To start with, here’s a video to get you on a Parisian mood (opens in a new tab):
Returning to Paris after living there before for two years felt like happy comeback home. Even after a bit longer time, the French metropole doesn’t cease to amaze me and take my breath away – both in good and bad. This time Paris called for the internship of the 2nd year of my social work studies, taking place at a small association. They help those who are victims or in the danger of prostitution or pandering and who want to be assisted in their social reintegration. And now over the half of my 3 month internship has already passed!
Getting the possibility to join this team has been an eye-opening experience and the things faced here aren’t easy. However, it’s very interesting and diverse: meeting and accompanying customers in various matters, planning and realizing projects, familiarizing myself with the life of an association.. Apart from all that, I’ve also got the chance to participate in a training and to follow a hearing at the tribunal.
I like the fact that at this association the relation to the customers is rather warm, close-knit and at times even a bit non-official. As I don’t yet have much working experience in the field of social work even from Finland, comparison in these terms is rather challencing. The cultural differences I’ve been able to notice are pretty much the same as in daily life: starting work later in the morning, greeting by a “how-are-you-doing” that doesn’t expect a long reply, using a lot of politeness structures in emails, wishing “bonne appétit”, sometimes everybody is speaking at the same time, exchanging cheek kisses.. Also the language barrier to French causes some extra difficulty and can be very tiring at times but I’m learning more every day.
My freetime in Paris is mostly filled with spending time with my French boyfriend and also discovering new parts of the city and things to do in Paris that I wasn’t yet aware of. Apart from that, the daily life is rather similar as in Finland, the routine happens everywhere. Anyway, I’m enjoying the goods sides of living in a big city before coming back soon to my favourite city in Finland, Tampere 🙂
And to fin(n)ish, some homemade Karelian pies – bonne appétit!
Brussels is my home for 2 more months, time has flown by incredibly fast since I got here in September. It’s actually my second Erasmus so a lot is familiar but there’s also a bunch of new things. In this blog post you will discover a bit of my life in the country of chocolate, beer, waffles and frites 🙂
Coming to do a part of my social work degree here in Belgium was something really exciting. Beforehand I knew that my host institution called ISFSC was quite small but never did I expect to be practically the only Erasmus student! In addition, finding courses corresponding to the ones at Tamk forced me to select studies from all the three years. On the other words I was circulating between groups of 1st, 2nd and 3rd year students and seeing hundreds of new faces during my first weeks – overwhelming. Also the fact that everything is in French makes things much more challenging. It’s really a total immersion to the local student culture!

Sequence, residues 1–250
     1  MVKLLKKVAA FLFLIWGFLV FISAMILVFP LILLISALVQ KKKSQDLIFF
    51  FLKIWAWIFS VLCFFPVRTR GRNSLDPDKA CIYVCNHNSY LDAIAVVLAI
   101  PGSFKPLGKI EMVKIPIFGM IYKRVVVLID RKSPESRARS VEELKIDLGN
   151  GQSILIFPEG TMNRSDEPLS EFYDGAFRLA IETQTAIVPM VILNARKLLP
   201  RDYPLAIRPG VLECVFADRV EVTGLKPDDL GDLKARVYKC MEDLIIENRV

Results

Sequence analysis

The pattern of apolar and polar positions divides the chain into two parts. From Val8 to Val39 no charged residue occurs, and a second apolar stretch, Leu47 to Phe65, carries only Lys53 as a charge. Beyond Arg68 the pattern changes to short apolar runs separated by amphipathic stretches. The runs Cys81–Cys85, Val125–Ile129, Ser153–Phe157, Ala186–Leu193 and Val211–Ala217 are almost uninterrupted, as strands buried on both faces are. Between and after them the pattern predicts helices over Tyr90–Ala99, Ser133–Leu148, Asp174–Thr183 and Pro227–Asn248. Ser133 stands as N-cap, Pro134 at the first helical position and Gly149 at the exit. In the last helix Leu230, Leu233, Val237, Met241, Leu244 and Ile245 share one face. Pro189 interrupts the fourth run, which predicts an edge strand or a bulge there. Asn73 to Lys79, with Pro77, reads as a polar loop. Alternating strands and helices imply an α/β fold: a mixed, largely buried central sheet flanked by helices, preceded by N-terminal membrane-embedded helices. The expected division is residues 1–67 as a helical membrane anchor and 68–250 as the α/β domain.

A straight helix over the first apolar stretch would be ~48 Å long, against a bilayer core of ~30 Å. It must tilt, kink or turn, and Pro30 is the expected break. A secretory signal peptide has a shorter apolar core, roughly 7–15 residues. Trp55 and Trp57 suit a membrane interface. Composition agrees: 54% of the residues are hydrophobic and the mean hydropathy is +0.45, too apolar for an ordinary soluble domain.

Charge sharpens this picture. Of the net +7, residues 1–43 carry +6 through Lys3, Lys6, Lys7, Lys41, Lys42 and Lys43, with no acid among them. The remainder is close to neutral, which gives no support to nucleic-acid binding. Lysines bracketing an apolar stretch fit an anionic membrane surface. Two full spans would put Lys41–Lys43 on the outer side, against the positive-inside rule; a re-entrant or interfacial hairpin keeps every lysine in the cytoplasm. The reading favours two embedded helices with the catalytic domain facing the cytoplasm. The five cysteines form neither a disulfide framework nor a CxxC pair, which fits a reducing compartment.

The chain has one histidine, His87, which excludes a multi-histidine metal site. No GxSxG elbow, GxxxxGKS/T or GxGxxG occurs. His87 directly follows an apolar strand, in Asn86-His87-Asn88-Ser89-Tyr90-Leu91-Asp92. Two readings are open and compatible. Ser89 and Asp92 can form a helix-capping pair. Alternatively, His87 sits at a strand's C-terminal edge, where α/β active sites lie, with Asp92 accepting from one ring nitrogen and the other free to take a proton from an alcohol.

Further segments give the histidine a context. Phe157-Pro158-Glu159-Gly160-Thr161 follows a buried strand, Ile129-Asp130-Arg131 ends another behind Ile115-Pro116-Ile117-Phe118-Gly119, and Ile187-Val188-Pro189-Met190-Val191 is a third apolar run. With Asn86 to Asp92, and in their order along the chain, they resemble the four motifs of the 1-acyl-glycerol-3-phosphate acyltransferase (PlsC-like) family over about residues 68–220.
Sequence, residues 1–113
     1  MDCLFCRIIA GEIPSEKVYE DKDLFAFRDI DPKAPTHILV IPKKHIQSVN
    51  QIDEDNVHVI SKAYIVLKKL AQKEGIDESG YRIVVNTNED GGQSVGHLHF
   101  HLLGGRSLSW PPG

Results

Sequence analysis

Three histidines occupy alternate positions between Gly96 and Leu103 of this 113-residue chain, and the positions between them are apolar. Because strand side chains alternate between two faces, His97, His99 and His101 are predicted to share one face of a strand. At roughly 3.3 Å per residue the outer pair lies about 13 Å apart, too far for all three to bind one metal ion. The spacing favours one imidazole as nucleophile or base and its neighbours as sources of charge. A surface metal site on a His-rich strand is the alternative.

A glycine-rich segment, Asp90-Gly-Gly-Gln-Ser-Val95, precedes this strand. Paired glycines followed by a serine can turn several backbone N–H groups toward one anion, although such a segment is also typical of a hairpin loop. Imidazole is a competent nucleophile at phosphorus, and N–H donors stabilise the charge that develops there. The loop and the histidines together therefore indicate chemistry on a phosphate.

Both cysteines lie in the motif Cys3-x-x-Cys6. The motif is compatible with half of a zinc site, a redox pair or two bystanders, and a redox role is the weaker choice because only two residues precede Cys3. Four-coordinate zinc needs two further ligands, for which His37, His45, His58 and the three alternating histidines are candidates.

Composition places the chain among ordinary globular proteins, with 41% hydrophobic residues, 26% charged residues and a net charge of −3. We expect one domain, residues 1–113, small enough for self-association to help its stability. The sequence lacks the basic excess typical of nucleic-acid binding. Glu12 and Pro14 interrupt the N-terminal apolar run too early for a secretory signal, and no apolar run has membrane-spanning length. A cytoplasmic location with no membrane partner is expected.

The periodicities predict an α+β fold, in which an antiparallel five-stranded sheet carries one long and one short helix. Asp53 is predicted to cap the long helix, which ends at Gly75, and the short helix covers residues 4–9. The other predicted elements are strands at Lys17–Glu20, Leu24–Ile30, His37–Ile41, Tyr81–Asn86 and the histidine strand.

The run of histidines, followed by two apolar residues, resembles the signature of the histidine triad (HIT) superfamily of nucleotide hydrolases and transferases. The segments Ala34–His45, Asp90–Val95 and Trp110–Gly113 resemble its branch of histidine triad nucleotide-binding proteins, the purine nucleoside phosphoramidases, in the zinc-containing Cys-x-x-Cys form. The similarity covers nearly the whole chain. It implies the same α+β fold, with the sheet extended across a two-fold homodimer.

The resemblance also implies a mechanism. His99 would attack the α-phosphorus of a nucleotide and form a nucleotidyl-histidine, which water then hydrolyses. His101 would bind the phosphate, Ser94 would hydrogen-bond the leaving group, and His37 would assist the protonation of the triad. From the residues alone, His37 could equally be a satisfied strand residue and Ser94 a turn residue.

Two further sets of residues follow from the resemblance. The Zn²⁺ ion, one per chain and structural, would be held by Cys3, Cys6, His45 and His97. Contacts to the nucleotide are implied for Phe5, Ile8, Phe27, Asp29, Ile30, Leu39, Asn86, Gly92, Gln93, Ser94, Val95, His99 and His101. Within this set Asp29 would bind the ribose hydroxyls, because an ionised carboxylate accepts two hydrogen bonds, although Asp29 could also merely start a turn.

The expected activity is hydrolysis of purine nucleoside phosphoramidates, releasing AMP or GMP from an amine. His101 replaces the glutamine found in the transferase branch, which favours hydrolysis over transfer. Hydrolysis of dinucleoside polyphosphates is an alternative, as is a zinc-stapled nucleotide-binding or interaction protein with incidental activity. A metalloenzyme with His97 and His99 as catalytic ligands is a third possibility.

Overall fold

The way of studying is pretty similar as at Tamk with a lot of group works and some seminars. I was afraid of mass lectures where the teachers don’t interact with students but luckily it’s not that way and most of the courses are very interesting. The teacher prepares his course material, syllabus, on which the exams are mostly based and which you get printed so no need to worry about availability of course books. Having also oral exams is something new for me.
On Tuesdays it’s time for board games at Salon de thé Liber, such a lovely and cozy place.
After living in France, it was fascinating to notice the differences between the culture and French spoken in these two countries. As a country Belgium feels somehow a bit more “Nordic”, for the language it seems to be mostly the matter of some few words and ways of pronunciation. In addition, its multilingualism, history and complex regime make Belgium a truly interesting place to get a closer look at. By the way, it’s not clear whether French fries are actually French or Belgian: one story speaks of American soldiers who came to Belgium during war time, saw the locals making fries and named the dish after the language. In any case, it must be said that I haven’t eaten as delicious fries anywhere else! Some other Belgian things: Tintin, Smurffs and Lucky Luke – which you can discover at the Comic Strip Center in Brussels.
Historical Brugge is beutiful even on a cloudy and grey day
Brussels is an extremely international city, not too big but with a lot of things to do. The longer I stay here the more I seem to like it 🙂 And Belgium is a small country to travel around – this is very convenient for somebody doing Erasmus as it means a possibility to see not only other Belgian cities but also some neighboring countries. I’m often busy planning new weekend trips and only hoping that the time wouldn’t run out!